Chinese telecommunications giant Huawei sues the U.S. Federal Communications Commission over the latter's ban on carriers from using money from the Universal Service Fund to buy equipment from Huawei and ZTE.
Sources: Tech Crunch
Sources: Tech Crunch
A court in China upholds the death sentence of a Canadian man convicted of drug smuggling. The man, originally sentenced to 15 years imprisonment, had his sentence upgraded on appeal. Canadian authorities say that the sentence is in retaliation for the arrest of Meng Wanzhou, the CFO of Huawei, in Vancouver in 2018.
The United States Department of Commerce expands its sanctions on Chinese technological vendor Huawei by adding 38 of the company's affiliates to its "entity list", limiting Huawei's access into U.S. integrated circuits and other technology. The Trump administration has viewed Huawei as "an arm of the Chinese Communist Party's surveillance state."
UK Digital Media minister Oliver Dowden announces to the House of Commons that the country's mobile providers will be barred from buying 5G equipment from Huawei starting December 31, and will be required to remove it from their networks by 2027. Lord Browne resigned from his position as chairman of Huawei's UK branch shortly before the announcement.
The U.S. Federal Communications Commission (FCC) unanimously votes to label Chinese telecommunications giants Huawei and ZTE as national security risks, thereby disqualifying them from the Universal Service Fund. In a separate vote, the FCC mandates that national wireless carriers remove both companies' products from their existing networks. The companies have 30 days to appeal.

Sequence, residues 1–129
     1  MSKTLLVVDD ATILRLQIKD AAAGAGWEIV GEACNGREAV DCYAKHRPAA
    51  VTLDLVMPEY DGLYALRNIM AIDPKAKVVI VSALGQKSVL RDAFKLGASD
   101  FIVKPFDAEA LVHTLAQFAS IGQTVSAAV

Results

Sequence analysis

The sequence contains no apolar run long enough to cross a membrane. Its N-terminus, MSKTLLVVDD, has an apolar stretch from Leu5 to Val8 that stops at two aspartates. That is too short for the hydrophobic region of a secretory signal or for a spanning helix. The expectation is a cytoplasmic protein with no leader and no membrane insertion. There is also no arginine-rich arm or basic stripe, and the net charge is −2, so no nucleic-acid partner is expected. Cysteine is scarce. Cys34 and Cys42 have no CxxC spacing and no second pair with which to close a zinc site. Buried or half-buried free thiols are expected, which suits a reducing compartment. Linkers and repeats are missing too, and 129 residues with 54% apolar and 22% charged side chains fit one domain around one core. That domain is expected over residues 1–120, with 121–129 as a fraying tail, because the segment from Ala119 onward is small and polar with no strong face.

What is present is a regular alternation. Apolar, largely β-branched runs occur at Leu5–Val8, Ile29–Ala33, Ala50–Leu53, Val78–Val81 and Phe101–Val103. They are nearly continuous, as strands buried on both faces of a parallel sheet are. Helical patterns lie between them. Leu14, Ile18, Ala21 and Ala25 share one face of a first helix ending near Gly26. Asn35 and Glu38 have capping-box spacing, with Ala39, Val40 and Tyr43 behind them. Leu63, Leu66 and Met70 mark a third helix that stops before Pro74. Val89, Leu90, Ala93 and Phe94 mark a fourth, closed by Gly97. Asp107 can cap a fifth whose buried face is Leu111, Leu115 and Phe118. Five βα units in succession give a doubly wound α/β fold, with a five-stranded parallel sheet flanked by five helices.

Huawei files for a summary judgment, seeking to expedite its March lawsuit against the U.S. Government, challenging the constitutionality of "Section 889" of the National Defense Authorization Act that bans U.S. executive government agencies from procuring Huawei and ZTE telecommunications equipment based on national security.
Huawei sues the U.S. Government to challenge the constitutionality of "Section 889" of the National Defense Authorization Act which prohibits U.S. executive government agencies from procuring telecommunications equipment from two Chinese companies, Huawei and ZTE.
A U.S. Court of Appeals for the District of Columbia Circuit three-judge panel upholds the Federal Communications Commission's net neutrality rules that prohibit broadband providers from giving or selling access to faster internet service to selected customers.